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Matt Stinchcomb '93: The Accidental Businessman

A decade ago, indie-rock guitarist Matt Stinchcomb fell into a job with an online startup. Today, he’s testing the power of business to do good. 

As Matt Stinchcomb ’93 tells the story, his career as a business executive was born in a most unusual way. In 2005, seven years removed from his Oberlin College studies in art history, he was playing guitar in a New York indie-rock band and making ends meet with a side business in T-shirt screening and printing. A friend who had launched an online startup asked Matt to join the company and handle marketing.

“I don’t know anything about marketing,” Matt protested.

“Perfect,” the friend said.

The story captures in a nutshell the essence of Etsy, Matt’s company for almost a decade now. An online marketplace for artisan-crafted handmade and vintage goods, the Brooklyn-based Etsy thumbs its nose at many conventions of business. One analyst has dubbed it the “antibusiness business.” Founder Rob Kalin, Matt’s friend, once declared that maximizing profits for shareholders is “ridiculous.”

Yet Etsy today is one of the online world’s hottest ventures, with the website recording sales of more than $1.35 billion in 2013, its best year ever. And it thrives in part because it breaks from the MBA’s blueprint to make people, not profits, its core mission. More than a million artists, artisans, and collectors sell unique creations through Etsy, and many wouldn’t survive without it. Like Whole Foods and other organic grocers who promote foods from small, independent farmers, Etsy brings the work of the little guy to a mass audience. Over time, the company hopes to spark a movement that upends the big-box retail mindset and remakes the economy, with dramatic benefits for all.

It’s Matt job to make sure Etsy hews to these lofty goals. Now the head of the company’s Values and Impact team, he works to ensure that company decisions big and small reflect its mission and more than just the bottom line. “We feel our core values throughout the organization, and we talk about them a lot,” says Etsy merchandising specialist Emily Bidwell, a friend from Potomac’s Class of 1993. “But Matt and his team are sort of an internal watchdog to make sure our actions match our values and what we say.”

“My job,” says Matt, “is to make sure we keep it weird.”

Matt got his start in the Internet world in 1997, when he arrived in New York with his Oberlin degree but no job. Out for a drink one night, he met up with Sophie Simmons ’90, whose boyfriend worked for a digital media company that was hiring. “I knew nothing about the Internet,” Matt says. “I think I had been online once. But it was the height of the first dot-com craze. You could get a job by just walking into a bar.”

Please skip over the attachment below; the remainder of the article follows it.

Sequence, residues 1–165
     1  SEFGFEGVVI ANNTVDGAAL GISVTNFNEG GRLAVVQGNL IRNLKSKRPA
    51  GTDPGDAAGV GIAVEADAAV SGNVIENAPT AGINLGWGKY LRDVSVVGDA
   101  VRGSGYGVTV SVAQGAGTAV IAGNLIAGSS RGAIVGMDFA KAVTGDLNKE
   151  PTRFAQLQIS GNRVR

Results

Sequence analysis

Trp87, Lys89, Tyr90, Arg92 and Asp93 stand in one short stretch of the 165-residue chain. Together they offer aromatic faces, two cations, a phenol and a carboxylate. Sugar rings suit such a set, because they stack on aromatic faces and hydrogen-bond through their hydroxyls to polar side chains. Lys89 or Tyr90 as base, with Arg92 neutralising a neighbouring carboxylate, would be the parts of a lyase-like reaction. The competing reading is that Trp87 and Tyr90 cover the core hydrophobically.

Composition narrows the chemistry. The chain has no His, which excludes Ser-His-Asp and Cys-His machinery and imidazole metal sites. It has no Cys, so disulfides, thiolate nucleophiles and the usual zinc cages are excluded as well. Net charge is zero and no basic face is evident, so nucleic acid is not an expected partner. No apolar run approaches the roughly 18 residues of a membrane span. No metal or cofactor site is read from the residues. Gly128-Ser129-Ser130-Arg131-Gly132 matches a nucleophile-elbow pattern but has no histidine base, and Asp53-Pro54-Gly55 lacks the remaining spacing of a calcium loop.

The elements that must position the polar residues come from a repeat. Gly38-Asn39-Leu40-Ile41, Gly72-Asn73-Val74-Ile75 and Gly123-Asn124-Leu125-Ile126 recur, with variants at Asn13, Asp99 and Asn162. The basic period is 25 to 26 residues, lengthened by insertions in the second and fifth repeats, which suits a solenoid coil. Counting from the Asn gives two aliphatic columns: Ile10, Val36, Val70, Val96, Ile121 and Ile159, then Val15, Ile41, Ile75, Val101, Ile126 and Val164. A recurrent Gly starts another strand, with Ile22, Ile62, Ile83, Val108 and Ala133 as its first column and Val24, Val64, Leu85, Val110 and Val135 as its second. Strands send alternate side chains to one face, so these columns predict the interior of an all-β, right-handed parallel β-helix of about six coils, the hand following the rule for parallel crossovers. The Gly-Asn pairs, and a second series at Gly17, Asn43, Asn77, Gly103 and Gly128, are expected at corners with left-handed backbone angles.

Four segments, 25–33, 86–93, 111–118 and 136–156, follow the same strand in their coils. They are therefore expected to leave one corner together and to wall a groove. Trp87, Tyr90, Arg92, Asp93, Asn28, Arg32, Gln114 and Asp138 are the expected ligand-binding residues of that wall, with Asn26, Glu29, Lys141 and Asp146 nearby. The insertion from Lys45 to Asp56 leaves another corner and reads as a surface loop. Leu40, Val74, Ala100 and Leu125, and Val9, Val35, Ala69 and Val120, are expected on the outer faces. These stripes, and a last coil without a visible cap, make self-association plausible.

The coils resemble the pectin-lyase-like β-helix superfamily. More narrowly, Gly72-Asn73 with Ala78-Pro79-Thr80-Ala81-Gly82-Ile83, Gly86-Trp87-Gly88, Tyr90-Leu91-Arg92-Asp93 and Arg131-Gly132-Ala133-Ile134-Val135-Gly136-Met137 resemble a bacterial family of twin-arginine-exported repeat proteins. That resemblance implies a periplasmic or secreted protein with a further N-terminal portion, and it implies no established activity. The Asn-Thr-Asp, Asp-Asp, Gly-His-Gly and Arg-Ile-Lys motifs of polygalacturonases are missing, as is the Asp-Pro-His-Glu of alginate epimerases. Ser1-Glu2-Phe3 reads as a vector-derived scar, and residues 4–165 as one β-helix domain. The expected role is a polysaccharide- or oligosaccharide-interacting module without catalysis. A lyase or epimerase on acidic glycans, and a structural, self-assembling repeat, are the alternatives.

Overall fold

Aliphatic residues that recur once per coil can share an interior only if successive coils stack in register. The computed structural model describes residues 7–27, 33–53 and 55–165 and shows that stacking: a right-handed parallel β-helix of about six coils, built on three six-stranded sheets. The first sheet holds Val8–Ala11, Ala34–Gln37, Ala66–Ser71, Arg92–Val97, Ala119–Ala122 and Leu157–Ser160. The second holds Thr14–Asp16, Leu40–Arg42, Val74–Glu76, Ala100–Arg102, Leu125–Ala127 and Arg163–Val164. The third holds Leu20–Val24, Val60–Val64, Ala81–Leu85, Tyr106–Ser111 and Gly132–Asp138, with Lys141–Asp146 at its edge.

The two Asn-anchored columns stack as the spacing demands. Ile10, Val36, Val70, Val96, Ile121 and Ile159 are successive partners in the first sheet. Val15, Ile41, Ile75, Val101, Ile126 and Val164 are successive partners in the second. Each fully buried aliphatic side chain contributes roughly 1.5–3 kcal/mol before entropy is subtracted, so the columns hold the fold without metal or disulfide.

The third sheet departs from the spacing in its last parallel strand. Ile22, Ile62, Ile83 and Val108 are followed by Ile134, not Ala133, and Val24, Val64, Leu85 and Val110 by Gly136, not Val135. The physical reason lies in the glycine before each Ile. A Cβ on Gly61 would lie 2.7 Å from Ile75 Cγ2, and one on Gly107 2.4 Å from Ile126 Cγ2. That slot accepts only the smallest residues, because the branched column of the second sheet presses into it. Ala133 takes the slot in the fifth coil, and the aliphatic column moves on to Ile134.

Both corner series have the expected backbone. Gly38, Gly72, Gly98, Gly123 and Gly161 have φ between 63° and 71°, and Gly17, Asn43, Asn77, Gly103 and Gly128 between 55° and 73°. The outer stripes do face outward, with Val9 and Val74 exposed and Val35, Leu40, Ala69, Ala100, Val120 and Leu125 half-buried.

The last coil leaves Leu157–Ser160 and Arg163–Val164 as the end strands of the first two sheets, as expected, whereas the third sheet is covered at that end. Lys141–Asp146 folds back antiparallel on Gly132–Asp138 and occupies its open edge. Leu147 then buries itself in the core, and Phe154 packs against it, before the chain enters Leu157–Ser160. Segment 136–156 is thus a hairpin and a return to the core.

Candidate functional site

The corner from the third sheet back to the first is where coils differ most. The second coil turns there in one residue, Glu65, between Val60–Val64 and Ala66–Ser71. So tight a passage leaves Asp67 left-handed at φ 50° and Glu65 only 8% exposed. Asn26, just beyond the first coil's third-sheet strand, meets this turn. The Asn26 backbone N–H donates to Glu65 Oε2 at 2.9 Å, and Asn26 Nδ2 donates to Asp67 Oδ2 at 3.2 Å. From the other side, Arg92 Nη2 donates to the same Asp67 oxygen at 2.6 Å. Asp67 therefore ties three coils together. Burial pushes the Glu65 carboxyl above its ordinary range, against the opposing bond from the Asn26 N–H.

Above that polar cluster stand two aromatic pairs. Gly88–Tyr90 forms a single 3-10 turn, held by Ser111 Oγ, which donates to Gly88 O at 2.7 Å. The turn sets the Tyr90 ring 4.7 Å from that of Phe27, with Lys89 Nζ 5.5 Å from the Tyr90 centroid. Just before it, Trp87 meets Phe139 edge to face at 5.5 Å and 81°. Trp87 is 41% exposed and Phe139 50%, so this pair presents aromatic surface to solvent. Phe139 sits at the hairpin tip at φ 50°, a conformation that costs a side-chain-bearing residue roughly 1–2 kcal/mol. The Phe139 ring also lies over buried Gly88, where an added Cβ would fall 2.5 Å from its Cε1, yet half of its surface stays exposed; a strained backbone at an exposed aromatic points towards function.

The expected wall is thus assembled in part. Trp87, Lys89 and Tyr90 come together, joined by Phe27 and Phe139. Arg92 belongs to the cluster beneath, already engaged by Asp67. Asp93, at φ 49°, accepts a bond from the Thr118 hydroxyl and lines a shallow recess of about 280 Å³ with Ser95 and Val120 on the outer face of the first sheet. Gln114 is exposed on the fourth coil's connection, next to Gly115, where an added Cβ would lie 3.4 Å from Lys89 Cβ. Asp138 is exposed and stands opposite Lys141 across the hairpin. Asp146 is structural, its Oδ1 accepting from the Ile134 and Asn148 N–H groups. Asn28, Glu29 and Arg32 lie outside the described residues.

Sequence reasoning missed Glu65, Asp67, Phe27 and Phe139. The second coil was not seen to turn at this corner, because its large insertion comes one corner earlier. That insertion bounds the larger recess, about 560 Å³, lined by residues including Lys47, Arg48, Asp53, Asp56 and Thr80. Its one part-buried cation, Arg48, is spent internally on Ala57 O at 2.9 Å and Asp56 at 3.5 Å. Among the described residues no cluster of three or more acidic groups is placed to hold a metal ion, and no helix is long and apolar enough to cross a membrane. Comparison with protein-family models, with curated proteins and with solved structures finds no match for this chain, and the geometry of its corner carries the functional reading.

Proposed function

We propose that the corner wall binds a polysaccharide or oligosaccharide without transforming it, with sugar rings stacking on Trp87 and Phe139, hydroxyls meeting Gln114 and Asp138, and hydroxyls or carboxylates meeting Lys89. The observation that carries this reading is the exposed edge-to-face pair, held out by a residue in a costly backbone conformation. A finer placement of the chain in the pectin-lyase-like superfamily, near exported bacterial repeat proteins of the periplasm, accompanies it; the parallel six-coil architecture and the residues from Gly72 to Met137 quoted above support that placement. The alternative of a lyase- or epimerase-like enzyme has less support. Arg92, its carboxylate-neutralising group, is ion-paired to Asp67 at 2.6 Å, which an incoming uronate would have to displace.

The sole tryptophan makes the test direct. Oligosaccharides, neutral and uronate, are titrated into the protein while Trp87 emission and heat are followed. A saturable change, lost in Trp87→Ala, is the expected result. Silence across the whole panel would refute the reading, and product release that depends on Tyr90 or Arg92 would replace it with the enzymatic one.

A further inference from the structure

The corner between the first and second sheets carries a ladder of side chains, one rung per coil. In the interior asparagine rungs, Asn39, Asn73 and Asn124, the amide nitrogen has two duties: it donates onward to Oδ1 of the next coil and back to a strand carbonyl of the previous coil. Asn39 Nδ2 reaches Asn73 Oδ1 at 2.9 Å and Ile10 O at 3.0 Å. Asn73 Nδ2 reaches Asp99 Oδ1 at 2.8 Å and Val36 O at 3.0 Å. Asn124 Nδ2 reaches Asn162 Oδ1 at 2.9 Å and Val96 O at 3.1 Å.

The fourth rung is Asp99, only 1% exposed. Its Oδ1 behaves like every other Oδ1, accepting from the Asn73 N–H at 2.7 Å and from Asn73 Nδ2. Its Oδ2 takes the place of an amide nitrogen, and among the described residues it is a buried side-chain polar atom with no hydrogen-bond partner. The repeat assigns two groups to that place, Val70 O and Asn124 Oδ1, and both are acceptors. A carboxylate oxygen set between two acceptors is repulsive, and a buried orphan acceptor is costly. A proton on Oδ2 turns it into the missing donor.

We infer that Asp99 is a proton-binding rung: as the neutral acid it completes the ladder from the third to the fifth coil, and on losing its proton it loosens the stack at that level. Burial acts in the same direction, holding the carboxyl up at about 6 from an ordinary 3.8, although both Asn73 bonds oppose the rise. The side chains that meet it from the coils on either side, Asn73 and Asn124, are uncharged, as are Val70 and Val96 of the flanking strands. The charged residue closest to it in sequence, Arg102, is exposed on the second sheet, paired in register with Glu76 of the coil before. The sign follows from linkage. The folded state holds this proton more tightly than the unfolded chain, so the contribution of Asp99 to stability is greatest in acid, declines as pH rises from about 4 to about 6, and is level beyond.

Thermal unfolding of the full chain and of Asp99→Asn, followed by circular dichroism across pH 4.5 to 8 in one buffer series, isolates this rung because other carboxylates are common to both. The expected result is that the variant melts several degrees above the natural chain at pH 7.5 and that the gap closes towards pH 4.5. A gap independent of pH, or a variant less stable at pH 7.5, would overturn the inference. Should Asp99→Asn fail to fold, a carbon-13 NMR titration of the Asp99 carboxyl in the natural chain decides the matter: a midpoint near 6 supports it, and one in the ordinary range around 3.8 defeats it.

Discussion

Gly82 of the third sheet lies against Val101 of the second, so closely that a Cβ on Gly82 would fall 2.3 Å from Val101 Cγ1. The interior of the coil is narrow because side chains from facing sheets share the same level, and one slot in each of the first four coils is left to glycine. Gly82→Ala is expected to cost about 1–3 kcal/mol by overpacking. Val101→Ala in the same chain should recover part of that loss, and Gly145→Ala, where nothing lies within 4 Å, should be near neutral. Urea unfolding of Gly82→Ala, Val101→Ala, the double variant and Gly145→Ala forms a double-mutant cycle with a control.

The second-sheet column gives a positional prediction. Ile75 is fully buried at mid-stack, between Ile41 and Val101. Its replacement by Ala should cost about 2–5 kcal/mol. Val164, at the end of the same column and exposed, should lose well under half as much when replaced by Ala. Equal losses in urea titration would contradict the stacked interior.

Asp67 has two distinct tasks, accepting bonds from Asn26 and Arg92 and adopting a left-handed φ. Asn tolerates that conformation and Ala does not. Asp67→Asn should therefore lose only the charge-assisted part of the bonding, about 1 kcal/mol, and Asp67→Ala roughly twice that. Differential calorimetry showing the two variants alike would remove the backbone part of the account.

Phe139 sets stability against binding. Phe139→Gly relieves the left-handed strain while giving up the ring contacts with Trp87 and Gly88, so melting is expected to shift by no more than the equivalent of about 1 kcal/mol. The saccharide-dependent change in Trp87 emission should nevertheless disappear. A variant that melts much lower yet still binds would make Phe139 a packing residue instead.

Matt stayed in digital media for a few years but quit in 2000 to launch a music career. He had begun playing guitar while at Potomac, and with three friends in New York had started French Kicks, an indie band with roots in garage rock and post-punk music. The four cut their first album in 1999 and soon were touring fulltime. The “bass is gritty, and drums pop,” wrote one admiring critic, who praised them for picking “substance over flash.”

Living in Brooklyn, Matt became housemates with Rob Kalin, who was just out of New York University with a degree in classics and a nascent business in furniture design. Like Mark Zuckerberg, who started Facebook while at Harvard, Rob was brilliant yet eccentric. He had attended half-a-dozen colleges, aspired to sell wooden computers, and made his own underwear. He was also visionary. In 2005, Rob seized upon the idea of creating an online marketplace for sellers like him—artists and artisans who lovingly made unique, handmade goods. He dubbed the new venture Etsy after watching the movie 8½ by the Italian director Fellini (etsi in Italian means “oh, yes”).

Rob started Etsy with two engineers, then recruited Matt to join them as head of marketing. The timing was good: Matt had left French Kicks and was about to get married to his longtime girlfriend, Benedikta Karaisl von Karais. He plunged into building the company and spent long hours with Rob. After he and Beneditka married, Rob came along on their Catskills honeymoon so he and Matt could work.

With few preconceived ideas about business, Matt threw out what he found crass or crazy in traditional marketing and set out to build an Etsy community not too different from the French Kicks following. He and Rob traveled from town to town, organizing meetings with groups of artists and makers. “It was like being on tour trying to build a community of fans for your band,” he says.